The K-12 aim of the Saskatchewan arts education curricula is to enable students to understand and value arts expressions throughout life. This requires us to dance, to view and to share our thoughts about the art form.
We need to move, create, choreograph, invent, explore, rehearse, present. To do this we need to understand and apply the principles of composition and the elements of dance. We use the language of dance in order to create.
To create dance with depth of understanding we need to also watch dances and discuss what we see, feel and think. We can analyze the way movement is organized, respond to the feeling or mood it inspires in the viewer, and interpret the dance through our own unique dance.
As with all forms of the Arts, dance is represented by style, culture, geography and by eras. Students will be able to extend their own methods of creation and appreciation by extending their knowledge of the many forms and styles of dance through history.
1) Posters to print for the classroom
Although not essential to a dance class, props can be useful for encouraging student engagement. Having a prop and a specific task is helpful to making the student feel safe and comfortable. All props can help to build students focus and sensitivity if used in the appropriate time and place.
The following three props are adapted from Anne Green Gilbert’s book ‘Brain Compatible Dance Education’.
Scarves – brightly colored fabric cut into squares or rectangles, used mainly for early grades (PreK – Grade 4). Props such as coloured scarves offer visual and tactile stimulation and help the student to stay focused on the task at hand.
Yoga Spots – yoga mats cut into circles (use a large bowl to trace the circle on the mat and cut out), and used mainly for early to middle years (PreK – Grade 7). Yoga spots help to define self and general space and aid teaching locomotor skills such as leaping and hopping.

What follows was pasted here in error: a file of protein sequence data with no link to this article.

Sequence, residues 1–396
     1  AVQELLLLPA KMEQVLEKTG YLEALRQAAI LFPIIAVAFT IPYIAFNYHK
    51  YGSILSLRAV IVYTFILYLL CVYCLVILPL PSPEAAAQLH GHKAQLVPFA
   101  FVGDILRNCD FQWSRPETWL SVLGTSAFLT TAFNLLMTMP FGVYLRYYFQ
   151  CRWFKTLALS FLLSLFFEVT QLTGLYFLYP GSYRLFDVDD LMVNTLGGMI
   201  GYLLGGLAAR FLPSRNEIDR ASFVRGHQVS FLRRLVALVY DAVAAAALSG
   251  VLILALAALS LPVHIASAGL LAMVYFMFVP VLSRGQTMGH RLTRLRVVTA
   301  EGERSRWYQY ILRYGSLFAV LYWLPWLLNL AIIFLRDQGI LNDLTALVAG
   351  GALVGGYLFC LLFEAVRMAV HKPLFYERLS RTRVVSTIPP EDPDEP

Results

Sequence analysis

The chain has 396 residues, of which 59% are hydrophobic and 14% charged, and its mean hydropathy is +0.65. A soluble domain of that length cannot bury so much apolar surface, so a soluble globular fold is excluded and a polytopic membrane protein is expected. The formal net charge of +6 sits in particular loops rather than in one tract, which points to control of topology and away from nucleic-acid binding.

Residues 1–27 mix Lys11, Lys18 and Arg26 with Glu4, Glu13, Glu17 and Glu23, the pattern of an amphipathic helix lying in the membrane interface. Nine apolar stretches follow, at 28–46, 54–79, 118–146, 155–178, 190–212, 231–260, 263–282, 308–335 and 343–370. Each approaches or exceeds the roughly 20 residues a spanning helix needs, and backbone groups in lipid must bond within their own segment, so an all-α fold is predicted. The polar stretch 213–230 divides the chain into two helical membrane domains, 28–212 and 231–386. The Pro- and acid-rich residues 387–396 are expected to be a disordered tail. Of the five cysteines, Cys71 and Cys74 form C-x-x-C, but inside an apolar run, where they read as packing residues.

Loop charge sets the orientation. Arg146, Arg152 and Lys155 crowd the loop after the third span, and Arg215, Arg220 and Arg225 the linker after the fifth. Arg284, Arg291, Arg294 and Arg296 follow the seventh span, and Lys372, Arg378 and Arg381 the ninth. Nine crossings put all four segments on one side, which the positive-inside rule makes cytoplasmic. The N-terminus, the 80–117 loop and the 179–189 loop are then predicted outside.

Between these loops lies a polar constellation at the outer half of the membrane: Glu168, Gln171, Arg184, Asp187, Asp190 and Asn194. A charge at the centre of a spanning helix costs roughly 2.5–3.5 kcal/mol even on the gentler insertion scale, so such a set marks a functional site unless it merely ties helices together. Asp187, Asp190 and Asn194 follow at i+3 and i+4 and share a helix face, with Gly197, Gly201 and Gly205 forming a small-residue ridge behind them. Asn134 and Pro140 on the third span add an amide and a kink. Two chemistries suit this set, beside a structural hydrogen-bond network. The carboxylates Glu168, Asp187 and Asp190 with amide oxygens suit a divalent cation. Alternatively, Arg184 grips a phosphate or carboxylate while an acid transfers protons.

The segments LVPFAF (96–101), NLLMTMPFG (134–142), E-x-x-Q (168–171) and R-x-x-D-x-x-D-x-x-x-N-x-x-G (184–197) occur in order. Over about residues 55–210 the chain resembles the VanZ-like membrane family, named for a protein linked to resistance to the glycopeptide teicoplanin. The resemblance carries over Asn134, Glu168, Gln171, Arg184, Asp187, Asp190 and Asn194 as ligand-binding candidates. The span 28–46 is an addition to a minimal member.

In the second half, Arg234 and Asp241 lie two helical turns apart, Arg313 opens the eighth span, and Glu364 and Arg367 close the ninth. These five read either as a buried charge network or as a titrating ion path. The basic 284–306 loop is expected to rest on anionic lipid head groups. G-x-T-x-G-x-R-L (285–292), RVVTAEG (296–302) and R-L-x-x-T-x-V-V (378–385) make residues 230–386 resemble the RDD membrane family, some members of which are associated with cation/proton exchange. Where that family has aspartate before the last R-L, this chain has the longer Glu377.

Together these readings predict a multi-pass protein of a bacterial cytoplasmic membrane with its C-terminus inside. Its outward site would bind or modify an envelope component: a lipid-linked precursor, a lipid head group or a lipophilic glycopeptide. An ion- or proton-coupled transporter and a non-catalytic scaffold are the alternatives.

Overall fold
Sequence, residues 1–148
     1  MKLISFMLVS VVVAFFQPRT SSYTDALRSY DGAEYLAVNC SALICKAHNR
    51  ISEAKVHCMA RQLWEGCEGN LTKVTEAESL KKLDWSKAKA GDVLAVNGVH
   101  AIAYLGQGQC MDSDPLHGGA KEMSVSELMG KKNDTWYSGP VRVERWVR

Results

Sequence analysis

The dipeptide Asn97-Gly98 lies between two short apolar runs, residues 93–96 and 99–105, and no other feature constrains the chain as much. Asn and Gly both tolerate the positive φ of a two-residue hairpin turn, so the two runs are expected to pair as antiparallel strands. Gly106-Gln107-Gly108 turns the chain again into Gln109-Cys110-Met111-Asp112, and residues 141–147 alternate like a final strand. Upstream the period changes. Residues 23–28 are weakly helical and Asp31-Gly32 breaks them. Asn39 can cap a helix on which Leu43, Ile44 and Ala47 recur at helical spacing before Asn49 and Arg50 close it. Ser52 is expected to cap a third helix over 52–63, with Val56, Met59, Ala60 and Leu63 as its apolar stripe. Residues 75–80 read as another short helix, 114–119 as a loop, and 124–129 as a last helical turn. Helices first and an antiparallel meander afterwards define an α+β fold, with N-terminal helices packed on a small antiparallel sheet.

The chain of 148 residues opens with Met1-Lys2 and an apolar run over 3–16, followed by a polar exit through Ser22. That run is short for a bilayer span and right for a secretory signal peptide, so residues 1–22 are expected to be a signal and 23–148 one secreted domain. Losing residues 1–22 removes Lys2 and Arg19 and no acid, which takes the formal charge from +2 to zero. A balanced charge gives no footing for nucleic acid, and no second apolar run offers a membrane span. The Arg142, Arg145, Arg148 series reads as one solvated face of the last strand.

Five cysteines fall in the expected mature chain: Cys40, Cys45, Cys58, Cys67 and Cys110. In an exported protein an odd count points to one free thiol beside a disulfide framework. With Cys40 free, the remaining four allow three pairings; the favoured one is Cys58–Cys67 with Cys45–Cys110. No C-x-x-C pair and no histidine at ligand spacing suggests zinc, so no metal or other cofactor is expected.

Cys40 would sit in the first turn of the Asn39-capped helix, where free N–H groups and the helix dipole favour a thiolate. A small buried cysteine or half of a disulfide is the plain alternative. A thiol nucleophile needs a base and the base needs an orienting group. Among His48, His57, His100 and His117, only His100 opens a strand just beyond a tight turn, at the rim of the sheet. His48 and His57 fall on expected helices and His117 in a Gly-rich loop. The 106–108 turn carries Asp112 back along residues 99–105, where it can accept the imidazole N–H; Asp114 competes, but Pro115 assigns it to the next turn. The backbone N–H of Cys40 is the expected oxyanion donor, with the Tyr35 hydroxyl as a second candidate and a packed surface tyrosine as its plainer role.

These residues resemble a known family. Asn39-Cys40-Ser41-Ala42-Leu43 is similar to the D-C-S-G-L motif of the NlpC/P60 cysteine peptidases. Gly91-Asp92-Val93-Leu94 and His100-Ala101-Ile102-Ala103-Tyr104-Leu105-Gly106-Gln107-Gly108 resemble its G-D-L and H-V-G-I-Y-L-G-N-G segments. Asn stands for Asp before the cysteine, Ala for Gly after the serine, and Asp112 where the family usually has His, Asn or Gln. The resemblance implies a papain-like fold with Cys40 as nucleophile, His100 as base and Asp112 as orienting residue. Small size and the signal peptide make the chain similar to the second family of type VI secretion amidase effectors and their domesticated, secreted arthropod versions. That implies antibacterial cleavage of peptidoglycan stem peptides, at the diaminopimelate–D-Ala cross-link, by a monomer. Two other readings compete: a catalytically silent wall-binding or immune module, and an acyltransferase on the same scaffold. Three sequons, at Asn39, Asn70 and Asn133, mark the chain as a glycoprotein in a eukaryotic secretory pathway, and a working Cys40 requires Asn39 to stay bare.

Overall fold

Chopsticks – packages of chopsticks can be purchased cheaply at grocery or asian supply stores. Used mainly in middle to older years (Grade 5 – Grade 12), with students who are initially resistant to dancing. Chopsticks help students work cooperatively with a partner, exercising sensitivity while moving together.
Educators often express frustration at finding the right music for a dance lesson.
- Find a local musician to accompany dance classes. This allows the students to learn concepts of rhythm and musical composition while learning dance concepts. This has the added benefit of showing students how we value the work of artists.
- Eric Chappelle’s Music for Creative Dance CDs. This collection comes with movement suggestions for creating dance in the insert. All of Anne Green Gilbert’s books use Eric’s music in the outlines for dance exercises. The approach used is very compatible with the Saskatchewan Dance outcomes as well.
- Have students select music and discuss what kind of music interests them and how it could be incorporated into dance class.
- Look to local cultural music to find variations in time signature and style.
- Allow the role of the music in your class to vary. Don’t worry about always dancing ‘in time’ to the beat. Add variation to how the dancing responds to the music – dancing in time with the music, using the music as a background to the dancing, using movement to contrast the beat of the music.
- Dance in silence. This can be a powerful way to experience movement and allows one to focus on expression and inner thought.
- Dance to found sounds and improvised soundscapes from the environment. There are several music outcomes that suggest the importance of using the environment, found objects and voice to create a layered texture of “music”. Experiment with ways to combine music making and dance making.